BRICS — the bloc of Brazil, Russia, India, China and South Africa — represents some of the world's largest energy consumers and producers. By 2040 the BRICS nations will account for 45% of all global energy consumption and production, the Analytical Centre of the Government of the Russian Federation predicts.

These nations have energy strategies that have proven to be complementary, opening up opportunities for enhanced intra-BRICS energy co-operation to foster domestic energy security and stimulate economic growth among the bloc.

While the controversial $76-billion nuclear energy deal between South Africa and Russia is off the cards, the country — and by extension, the remaining BRICS nations — is still on Russia's horizon when it comes to energy partnerships. Looking back, the flawed nuclear deal offers lessons for future engagement on this front.

Moscow's growing need for diversification

Russia is one of the world's largest gas and oil producers and exporters, with significant proven reserves and extensive expertise and technological capacity. That's why the BRICS energy agenda is central for Moscow.

In 2016, petroleum and gas accounted for more than 50% of Russia's exports. The energy sector drove Russia's economic boom from 2003 to 2008 with high commodity prices. Russia's over-reliance on these industries, however, makes the economy vulnerable to changes in global energy commodity markets. The effects of the 2008 global financial crisis were somewhat mitigated by Moscow's National Stabilisation Fund. The Russian government has subsequently undertaken measures to reassess the role of oil and gas in the economy and render its energy security less vulnerable to shocks.

This diversification strategy has included a central role for nuclear energy. A key element of Russia's Energy Strategy to 2035 (first published in 2015) is developing and exporting nuclear energy goods and services, to spur infrastructure and technology development and drive economic growth.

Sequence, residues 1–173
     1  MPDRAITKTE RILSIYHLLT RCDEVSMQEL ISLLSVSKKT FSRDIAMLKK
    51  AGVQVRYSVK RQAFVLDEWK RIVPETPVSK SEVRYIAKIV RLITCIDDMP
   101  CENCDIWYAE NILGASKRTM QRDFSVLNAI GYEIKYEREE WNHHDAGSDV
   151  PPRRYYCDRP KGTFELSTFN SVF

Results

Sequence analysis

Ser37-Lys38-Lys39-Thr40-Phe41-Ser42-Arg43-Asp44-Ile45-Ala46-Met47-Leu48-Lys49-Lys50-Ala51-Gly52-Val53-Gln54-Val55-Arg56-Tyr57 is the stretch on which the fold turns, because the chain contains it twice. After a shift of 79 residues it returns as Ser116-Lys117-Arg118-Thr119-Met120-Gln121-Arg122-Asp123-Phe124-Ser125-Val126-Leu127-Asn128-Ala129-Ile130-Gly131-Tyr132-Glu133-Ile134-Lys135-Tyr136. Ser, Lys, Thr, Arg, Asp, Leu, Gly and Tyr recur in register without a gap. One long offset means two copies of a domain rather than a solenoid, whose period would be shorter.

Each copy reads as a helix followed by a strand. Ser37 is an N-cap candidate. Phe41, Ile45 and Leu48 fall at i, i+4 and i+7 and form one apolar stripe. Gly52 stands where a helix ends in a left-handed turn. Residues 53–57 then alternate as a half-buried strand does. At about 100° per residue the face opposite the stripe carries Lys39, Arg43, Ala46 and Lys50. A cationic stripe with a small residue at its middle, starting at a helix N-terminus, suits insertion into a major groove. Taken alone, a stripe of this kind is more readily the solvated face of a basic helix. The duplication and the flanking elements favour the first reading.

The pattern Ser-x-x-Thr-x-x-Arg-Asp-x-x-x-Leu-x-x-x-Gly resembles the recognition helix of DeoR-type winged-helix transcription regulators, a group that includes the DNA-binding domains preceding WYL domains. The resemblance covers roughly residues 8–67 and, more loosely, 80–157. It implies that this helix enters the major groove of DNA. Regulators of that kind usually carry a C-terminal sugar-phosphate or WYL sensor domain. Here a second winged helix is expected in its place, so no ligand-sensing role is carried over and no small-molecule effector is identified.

This strategy of tochki rosta (points of growth) also aims to use energy infrastructure projects to spread economic and social development across Russia, as seen in the Power of Siberia Pipeline that will transport gas from Siberia (Irkutsk and Yakutia gas production centres) to consumers in Russia's far east (and China too). The pipeline, stretching over 3,000km, is a fundamental element of a 30-year gas supply contract with China to the value of $400-billion, which is expected to promote economic growth across Russia's far east.

As relations between Russia and its traditional energy partners in the European Union deteriorate, Moscow has had to reorient itself towards new partners. This new direction in Russian foreign policy, dubbed Povorot na Vostok (Russia's Pivot to the East), implies closer economic and energy ties to emerging and developing markets (including BRICS and African countries).